Reports and Analyses and Descriptions of New Inventions in Medicine, Surgery, Dietetics, and the Allied Sciences
BMJ (Clinical Research Edition)
plates with letterpress. 6s.) THE author has attempted in this book to give a comparative account of the work which has been published on the subject of the peritoneal folds and fossee in the neighbourhood of the vermiform appendix, together with the results which he has obtained from an examination of Ioo bodies. He has produced a very interesting book, which will be read with interest both by the anatomist and by the surgeon. The peritoneal folds and fossse in the region of the junction of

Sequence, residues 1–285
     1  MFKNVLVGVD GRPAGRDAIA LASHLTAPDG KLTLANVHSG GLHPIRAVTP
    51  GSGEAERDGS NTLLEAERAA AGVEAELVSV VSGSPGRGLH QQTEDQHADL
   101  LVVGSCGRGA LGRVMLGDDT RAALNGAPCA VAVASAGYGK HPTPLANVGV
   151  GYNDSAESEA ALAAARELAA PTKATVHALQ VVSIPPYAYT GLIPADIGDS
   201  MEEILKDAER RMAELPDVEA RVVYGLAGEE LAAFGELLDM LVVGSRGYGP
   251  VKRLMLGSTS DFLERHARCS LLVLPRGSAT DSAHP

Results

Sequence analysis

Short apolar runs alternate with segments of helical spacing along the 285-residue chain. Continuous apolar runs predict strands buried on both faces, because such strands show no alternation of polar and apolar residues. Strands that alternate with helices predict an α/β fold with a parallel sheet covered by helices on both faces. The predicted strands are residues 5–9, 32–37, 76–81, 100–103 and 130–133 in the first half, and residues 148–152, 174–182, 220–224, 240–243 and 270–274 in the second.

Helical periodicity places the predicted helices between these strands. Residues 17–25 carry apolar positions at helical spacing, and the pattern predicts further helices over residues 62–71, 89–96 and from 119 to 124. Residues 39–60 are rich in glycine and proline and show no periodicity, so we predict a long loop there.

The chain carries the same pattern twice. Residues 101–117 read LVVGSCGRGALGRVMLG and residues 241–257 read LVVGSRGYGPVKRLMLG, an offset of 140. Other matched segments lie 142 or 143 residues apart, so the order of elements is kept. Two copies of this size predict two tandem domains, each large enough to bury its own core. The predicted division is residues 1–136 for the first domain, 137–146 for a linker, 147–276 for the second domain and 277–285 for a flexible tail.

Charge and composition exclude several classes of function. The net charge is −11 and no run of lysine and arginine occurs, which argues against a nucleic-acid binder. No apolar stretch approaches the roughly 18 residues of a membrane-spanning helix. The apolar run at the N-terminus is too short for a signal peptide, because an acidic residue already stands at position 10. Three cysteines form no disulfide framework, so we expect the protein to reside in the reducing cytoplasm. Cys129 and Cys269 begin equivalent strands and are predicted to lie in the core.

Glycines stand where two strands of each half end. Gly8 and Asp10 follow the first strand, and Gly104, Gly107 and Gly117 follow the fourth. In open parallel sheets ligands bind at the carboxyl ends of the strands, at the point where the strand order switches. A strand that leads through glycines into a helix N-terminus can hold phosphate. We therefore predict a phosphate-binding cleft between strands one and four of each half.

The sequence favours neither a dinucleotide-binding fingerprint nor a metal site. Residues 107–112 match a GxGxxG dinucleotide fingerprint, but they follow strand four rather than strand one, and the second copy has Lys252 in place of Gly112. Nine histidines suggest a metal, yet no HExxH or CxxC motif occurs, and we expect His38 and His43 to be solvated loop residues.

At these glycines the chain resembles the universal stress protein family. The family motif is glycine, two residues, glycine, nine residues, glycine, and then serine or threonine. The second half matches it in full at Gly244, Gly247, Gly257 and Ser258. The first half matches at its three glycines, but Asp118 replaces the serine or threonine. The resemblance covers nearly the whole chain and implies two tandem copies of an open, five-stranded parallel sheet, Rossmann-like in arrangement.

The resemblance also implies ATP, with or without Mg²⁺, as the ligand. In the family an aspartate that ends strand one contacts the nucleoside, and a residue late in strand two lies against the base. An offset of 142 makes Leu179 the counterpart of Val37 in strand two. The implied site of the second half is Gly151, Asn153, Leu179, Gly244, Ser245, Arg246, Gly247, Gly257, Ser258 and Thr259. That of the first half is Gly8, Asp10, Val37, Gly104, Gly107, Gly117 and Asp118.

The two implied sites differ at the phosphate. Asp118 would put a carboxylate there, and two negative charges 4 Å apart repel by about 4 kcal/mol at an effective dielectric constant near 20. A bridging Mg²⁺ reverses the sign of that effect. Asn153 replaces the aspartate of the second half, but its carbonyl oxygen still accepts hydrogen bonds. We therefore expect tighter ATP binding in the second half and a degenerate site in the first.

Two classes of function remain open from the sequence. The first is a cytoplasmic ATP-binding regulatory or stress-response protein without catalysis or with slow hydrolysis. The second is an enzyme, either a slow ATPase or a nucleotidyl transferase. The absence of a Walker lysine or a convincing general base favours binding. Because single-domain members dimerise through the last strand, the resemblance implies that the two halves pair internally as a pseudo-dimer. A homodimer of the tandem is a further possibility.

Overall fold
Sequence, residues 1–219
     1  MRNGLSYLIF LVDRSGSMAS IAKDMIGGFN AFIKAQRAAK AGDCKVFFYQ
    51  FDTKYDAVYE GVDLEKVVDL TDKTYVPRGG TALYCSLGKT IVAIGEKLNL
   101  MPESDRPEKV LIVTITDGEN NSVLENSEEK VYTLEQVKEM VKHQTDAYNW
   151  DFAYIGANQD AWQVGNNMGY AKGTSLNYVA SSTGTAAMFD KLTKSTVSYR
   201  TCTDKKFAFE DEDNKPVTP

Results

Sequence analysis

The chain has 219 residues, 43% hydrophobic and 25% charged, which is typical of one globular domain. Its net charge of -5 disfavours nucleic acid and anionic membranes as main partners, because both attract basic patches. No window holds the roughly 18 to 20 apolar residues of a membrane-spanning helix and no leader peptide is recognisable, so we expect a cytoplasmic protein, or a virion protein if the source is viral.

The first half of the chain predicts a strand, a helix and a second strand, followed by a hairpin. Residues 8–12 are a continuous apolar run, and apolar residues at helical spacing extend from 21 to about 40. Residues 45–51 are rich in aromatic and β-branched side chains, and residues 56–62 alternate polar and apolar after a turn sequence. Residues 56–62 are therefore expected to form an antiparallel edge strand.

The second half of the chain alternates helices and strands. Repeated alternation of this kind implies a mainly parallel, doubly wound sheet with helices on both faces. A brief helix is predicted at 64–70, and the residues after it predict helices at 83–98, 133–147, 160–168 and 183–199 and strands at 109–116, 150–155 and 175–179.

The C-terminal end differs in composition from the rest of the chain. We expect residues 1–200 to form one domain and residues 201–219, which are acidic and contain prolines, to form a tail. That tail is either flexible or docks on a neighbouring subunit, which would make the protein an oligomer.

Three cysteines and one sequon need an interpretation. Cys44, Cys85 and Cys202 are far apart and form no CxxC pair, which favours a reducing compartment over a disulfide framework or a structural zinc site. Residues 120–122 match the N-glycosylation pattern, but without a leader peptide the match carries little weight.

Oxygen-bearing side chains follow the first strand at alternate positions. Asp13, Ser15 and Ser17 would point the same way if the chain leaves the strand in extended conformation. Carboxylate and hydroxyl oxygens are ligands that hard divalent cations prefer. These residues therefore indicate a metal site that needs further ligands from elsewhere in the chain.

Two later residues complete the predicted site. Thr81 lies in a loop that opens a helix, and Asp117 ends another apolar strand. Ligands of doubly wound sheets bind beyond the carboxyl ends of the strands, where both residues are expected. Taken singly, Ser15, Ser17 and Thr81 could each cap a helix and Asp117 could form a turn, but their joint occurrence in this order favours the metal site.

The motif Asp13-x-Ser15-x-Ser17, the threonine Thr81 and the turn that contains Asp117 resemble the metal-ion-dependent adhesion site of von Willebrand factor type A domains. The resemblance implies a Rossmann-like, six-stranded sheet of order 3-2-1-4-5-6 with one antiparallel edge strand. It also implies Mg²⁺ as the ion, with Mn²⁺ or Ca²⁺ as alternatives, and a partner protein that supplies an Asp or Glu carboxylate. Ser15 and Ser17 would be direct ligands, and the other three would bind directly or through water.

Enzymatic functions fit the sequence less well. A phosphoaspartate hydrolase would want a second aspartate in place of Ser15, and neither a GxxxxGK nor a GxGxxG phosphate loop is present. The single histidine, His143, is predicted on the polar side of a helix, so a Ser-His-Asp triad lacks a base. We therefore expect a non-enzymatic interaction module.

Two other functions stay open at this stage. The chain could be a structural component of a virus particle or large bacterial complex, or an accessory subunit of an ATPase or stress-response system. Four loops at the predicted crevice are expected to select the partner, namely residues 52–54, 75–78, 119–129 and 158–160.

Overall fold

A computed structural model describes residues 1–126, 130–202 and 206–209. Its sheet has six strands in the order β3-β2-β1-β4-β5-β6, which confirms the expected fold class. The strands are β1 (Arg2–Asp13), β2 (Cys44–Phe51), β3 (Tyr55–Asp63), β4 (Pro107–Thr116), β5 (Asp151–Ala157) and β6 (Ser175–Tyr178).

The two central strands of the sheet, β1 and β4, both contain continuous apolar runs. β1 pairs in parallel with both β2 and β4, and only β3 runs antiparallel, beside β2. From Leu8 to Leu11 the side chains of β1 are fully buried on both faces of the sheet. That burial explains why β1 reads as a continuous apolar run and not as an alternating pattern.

... the junction of the ileum and csecum are divided by BERRY into two groups-first, the pericaecal or primary fossoe, which are those produced by means of peritoneal folds raised from the enteric mesentery by the vessels to and from the appendix. These maintain their form and situation both before and after their removal from the body. The second group includes the retrocoecal or secondary fosste, which are situated behind the cecum and ascending colon, and depend for their existence upon the secondary coalescence, sometimes wanting, of the colon, coecum, and mesentery to the posterior abdominal wall. These are only visible with the parts in situ, and are destroyed by removal of the organs concerned in their formation. Three periesecal folds are recognised; these are the ileocolic, ileo-cecal, and the meso-appendix. These folds give rise to the formation of two fossae-the ileo-colic fossa and the ileo-c&-cal fossa. The author concludes that the pericaecal folds are primary in origin and vascular in function. He thinks that these folds together represent the mesentery of the caecum, and that the meso-appendix is the true appendicular mesentery. It appears from the constancy of the existence of the meso-appendix and the frequent absence of the pericaecal folds that the appendix is gradually replacing the caecum in functional activity.